What if I don’t want to share in my recovery group?
Most of know the relief that comes from sharing our story with other people. There are many explanations for why sharing can be therapeutic. One psychological mechanism that may be behind the relief we feel when sharing is what psychologists call, “systematic desensitization.”
Systematic desensitization is a process by which we become comfortable with what used to scare us. For many of us, what scares us is the fear of social rejection that might happen if people really knew the gritty details of our stories.
By telling our stories, a little bit at a time, we slowly become desensitized to the fear of rejection. Each time we tell the story in a safe environment, we are disproving our worst-case scenarios. Our fear spikes as we share, and then we are relieved to be accepted. It’s as if our brain says, “Huh? Turns out the group didn’t hate me and tell me to never come back. Maybe I am not so bad.”
Whether through desensitization or some other mechanism, telling our story is often helpful for a few reasons. First, it helps us stop beating ourselves up with unnecessary self-loathing. After all, if others in the group don’t hate and scorn me, maybe I can lighten up on myself. Second, by becoming less fearful about our secrets, we can turn our attention to fixing what is wrong instead of wasting time on covering up. We’re only as sick as our secrets, I’ve heard it said.
But sharing isn’t always therapeutic and it can make things worse. How is it not always therapeutic? The idea that sharing fixes things gained a lot of popularity in the 60s and 70s, when therapists often encouraged clients to let go of their “hang ups” and express themselves. This terrible advice led to more couples separating as a result of marital therapy. Turns out it’s not a good idea for spouses to let the other have it with thoughts that they had been “holding in.”
Another myth about sharing is that “letting off steam” is healthy. But, “letting it out” doesn’t reduce the pressure. In fact, grumbling and complaining about perceived injustices doesn’t decrease anger. It throws more wood on the fire and stokes it.
Finally, if you share something and don’t feel accepted you might wish you hadn’t shared. The same can be said of sharing something and becoming so emotionally dysregulated and anxious that you can’t believe you are being accepted. To understand how this could happen, imagine that you are speaking in front of a group and become incredibly anxious. The group might have liked what you have to say, but you are so focused on your dry mouth and churning stomach that you miss how everyone is smiling and paying attention.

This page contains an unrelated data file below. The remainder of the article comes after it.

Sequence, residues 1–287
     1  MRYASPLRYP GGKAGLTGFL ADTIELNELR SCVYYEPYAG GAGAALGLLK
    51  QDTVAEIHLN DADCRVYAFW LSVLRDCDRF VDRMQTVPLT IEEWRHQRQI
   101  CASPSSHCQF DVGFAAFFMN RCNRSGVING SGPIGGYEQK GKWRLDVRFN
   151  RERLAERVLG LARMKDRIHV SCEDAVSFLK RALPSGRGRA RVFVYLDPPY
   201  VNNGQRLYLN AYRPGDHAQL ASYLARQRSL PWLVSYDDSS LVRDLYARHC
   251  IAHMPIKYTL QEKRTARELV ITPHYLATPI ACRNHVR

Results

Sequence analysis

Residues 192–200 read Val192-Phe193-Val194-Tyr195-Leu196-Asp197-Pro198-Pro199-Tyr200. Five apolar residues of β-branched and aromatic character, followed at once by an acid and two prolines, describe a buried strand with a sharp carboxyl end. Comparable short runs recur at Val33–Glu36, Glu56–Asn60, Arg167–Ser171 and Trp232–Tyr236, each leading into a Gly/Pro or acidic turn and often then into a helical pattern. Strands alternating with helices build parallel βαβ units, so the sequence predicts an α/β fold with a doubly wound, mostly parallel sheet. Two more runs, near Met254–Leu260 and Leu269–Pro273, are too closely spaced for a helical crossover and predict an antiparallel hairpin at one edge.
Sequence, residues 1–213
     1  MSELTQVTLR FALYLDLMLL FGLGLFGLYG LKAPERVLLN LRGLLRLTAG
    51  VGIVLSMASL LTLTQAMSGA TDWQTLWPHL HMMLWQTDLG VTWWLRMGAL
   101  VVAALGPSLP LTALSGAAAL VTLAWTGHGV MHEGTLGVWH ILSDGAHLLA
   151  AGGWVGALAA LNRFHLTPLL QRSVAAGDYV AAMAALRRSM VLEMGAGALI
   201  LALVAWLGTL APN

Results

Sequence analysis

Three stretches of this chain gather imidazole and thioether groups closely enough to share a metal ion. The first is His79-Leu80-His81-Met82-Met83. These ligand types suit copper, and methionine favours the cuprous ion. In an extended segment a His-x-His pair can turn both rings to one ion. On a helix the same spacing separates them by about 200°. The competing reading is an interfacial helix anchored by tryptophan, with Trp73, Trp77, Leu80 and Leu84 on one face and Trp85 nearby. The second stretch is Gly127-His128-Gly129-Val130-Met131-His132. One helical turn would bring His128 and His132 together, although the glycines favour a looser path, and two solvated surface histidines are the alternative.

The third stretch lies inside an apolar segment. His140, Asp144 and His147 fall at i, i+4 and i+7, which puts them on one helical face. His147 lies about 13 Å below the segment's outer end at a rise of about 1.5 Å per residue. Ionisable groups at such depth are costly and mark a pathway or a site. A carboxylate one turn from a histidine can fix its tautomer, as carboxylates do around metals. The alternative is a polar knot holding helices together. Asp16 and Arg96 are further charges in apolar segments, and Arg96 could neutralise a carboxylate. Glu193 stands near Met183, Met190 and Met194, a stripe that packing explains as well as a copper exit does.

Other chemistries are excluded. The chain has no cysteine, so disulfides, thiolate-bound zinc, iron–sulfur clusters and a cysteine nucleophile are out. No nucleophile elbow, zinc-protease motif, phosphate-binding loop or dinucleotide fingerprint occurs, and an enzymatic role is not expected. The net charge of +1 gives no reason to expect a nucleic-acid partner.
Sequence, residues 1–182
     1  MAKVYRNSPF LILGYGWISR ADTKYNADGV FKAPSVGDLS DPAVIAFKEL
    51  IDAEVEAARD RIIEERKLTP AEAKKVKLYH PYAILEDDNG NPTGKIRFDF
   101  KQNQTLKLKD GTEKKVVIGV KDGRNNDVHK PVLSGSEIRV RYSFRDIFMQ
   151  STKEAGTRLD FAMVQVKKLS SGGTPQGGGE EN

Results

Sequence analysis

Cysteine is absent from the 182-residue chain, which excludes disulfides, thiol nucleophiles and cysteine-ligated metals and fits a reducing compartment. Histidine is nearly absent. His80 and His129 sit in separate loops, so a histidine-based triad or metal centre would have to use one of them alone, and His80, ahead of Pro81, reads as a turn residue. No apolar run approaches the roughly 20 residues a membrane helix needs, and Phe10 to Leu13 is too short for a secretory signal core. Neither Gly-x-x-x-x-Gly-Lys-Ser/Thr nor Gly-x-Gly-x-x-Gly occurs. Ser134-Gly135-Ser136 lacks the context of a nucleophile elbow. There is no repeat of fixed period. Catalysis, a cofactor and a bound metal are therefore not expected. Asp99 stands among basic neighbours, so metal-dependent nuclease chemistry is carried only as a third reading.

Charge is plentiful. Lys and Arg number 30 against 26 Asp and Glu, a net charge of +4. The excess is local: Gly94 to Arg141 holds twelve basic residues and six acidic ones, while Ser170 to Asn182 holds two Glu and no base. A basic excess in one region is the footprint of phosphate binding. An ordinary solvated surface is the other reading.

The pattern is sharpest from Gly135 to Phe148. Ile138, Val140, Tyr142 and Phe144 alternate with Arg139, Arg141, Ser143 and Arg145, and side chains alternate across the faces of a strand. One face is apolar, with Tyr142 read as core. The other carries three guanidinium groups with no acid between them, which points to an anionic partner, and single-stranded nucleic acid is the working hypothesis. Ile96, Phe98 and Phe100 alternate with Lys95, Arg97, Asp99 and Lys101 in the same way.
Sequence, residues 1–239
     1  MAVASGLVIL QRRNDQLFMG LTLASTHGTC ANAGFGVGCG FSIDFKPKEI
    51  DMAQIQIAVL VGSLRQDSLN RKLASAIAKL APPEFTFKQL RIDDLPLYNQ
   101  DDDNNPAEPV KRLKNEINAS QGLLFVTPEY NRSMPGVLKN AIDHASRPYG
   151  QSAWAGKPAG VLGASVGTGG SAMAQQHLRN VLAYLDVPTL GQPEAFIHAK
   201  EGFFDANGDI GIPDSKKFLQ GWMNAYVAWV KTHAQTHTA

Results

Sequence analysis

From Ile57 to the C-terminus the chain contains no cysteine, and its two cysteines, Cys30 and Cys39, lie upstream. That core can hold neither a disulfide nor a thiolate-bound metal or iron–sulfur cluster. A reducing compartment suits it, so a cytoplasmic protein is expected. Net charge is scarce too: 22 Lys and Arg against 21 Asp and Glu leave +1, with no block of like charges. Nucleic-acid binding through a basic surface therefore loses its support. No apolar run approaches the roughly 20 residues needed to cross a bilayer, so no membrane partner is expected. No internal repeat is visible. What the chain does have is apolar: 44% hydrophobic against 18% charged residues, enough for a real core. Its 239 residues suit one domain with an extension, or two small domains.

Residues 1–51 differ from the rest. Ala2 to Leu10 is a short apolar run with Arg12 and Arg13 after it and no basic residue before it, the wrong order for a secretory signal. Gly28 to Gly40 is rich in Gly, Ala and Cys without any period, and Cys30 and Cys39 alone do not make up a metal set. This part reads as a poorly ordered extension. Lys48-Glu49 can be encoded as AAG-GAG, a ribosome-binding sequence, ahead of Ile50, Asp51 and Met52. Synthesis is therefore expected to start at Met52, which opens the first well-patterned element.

What can you do to maximize the therapeutic benefit of sharing and minimize the risk?
· Just listen. Going to a group and listening to others can increase your empathy for them, and you might learn to be more kind to yourself at the same time. Also, hearing other’s stories and watching them be accepted might be the first step in your own journey of systematic desensitization.
· Share a little by little. By doing so, you keep your emotions at a manageable level and you can accurately gage how the group is going to react when share some more.
· Share with a trusted friend instead of with the group. This probably feels less risky. And the give and take involved in a one-on-one conversation allows your friend to reassure you and comfort you in a way that a group can’t.
· Speak in generalities. You don’t have to say everything. Even hinting at what is going on might help you obtain some benefits from the group. You could say something like, “I am struggling with temptation,” or “I have some interpersonal problems.”
What’s the bible got to say about sharing?
God speaks to us through his law and he confirms that we have every reason to feel guilty, afraid, and ashamed. Reading his word reminds us that we deserve rejection. Knowing this can make us fearful to share. We think, “if we are that bad, maybe it is better to keep our secrets buried.”
But we also learn that Jesus was rejected and despised on our behalf.
He was despised and rejected by mankind, a man of suffering, and familiar with pain. Like one from whom people hide their faces he was despised, and we held him in low esteem. Isaiah 53:3
Jesus is one person you can share everything with. He knows what it is like to be rejected. So he is uniquely empathetic to our experiences of shame and rejection.
Jesus does not reject you. He took his desire to accept you all the way to the cross. He was not spared one bit of the pain and agony you deserved for the secrets you have.
Jesus, the beloved son of God, received all of that suffering and rejection so that we could become accepted. The father cast him out so we could be brought into the family of God. He was cut off so we could become children and heirs.
Not sure if you want to share in group? That’s ok. But don’t miss out on the soul-cleansing, heart-healing love of Jesus. Rest in Jesus and his care.